New Jersey Political Dynasties: Built on Stone or Sand?

American proponents of democracy tend to pride themselves on the egalitarian ideals that their representatives reflect those they represent, and that those representatives change accordingly.  The opposite, one could argue, is a dynastic system.  But to some extent, dynasties are natural byproducts of political systems, and New Jersey is no stranger to this seemingly ancient phenomenon.

A dynasty is not necessarily a harmful thing for the public good, but for those political figures who have occupied public office for a long period of time, there comes a point where one must ask whether it is nobler to stand aside on a high note, or if there is honor in a potentially Quixotic charge against change?

Nothing, of course, is inevitable in New Jersey politics, but sometimes there is writing on the wall and it is a matter of personality whether or not one can let go to the familiar trappings and responsibilities of power, or if one is inclined to go down with a fight, or if one has the clarity and humility to step aside.  In New Jersey, there are examples of all of the above.  More specifically, there are no term limits in place for Mercer County executive, and Brian Hughes has now occupied that position for 18 years.  The son of former New Jersey Governor Richard J. Hughes, his father served as New Jersey’s chief executive from 1962-1970, and thereafter as chief justice on the New Jersey Supreme Court from 1973-1979.  Unlike Tom Kean, Jr., however, Hughes’ governorship ended some 42 years ago.  As a result, it is passing out of the active memory of a majority of the New Jersey political establishment.  Tom Kean, Sr. served as governor from 1982-1990 and resurfaced again in the national spotlight as the Bush-era Chairman of the 9/11 Commission.  Governor Kean is also a relatively frequent figure engaging with the media, something his son is less inclined to do, but nevertheless remains part of the active political picture today.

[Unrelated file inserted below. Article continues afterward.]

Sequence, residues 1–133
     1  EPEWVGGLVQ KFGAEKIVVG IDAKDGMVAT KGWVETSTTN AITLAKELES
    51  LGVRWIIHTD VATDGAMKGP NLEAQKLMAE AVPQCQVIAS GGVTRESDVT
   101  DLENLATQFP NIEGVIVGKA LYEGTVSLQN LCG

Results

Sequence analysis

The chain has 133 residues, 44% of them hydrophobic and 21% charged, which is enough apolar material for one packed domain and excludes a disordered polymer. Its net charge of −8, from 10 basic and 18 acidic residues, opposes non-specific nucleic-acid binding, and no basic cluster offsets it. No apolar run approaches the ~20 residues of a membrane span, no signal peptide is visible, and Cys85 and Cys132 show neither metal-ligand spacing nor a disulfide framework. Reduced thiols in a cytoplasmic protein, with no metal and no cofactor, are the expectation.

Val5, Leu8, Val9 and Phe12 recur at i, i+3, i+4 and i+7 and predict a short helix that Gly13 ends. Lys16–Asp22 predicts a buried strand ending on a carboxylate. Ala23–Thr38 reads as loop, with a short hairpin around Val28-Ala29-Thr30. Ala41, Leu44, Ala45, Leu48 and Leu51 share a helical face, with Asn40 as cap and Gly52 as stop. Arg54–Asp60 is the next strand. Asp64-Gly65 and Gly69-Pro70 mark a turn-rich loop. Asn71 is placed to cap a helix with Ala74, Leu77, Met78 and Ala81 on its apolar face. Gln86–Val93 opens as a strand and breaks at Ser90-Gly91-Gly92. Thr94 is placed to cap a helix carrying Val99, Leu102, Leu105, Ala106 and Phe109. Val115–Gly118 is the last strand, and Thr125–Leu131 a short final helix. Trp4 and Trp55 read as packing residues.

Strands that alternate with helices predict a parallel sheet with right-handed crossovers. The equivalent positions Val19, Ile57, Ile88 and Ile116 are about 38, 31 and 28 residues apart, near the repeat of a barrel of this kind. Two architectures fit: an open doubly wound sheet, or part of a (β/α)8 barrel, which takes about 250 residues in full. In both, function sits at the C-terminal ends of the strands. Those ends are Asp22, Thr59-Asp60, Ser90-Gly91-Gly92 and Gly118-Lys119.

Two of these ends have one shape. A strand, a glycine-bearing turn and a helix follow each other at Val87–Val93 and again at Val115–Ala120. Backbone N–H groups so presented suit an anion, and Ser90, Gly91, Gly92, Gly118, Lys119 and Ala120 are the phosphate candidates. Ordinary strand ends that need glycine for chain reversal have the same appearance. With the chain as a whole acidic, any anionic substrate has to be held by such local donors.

Two dynasties, alike in many ways, the Keans Republicans and the Hughes Democrats, seem to be on paths in which the former is in ascendant while the latter in a slow decline.  After a series of defeats since leaving the NJ State Senate, Tom Kean, Jr. has managed to score an electoral victory, giving the Kean name an uptick.  He defeated incumbent Democrat Congressman Tom Malinowski and will return to the public scene—even if he has been and remains notoriously camera-shy.  In the case of Hughes, he has presided over nearly two-decades of solid Democratic control in Mercer County.  Overall, he is well-liked, genial, and has a record of accomplishments he wishes to continue building upon.  However, sources have begun to question whether or not Hughes is quite fit for the job, physically, as well as politically.  The County Executive was the object of a few motor vehicle incidents, such as two years ago when he was found disoriented by a Pennsylvania Trooper along the Pennsylvania Turnpike, and two collisions he was involved with in 2017.  When ballot machines in Mercer County reported having problems reading barcodes, Hughes was quick to announce that action would be taken to investigate and ensure the matters were fixed.  At the same time, he made it known that the county executive has little to do with the election process itself, but he would nevertheless exercise what powers he could.  Clashes with the party apparatus have made some Mercer insiders look elsewhere for future county executive leadership: eyes have turned to Assemblyman Dan Benson and former Trenton Mayor Doug Palmer.  Is the sand running out on Hughes’ continued presence in office, or will his legacy and dynastic power be enough to keep him in office until and unless he decides not to run again?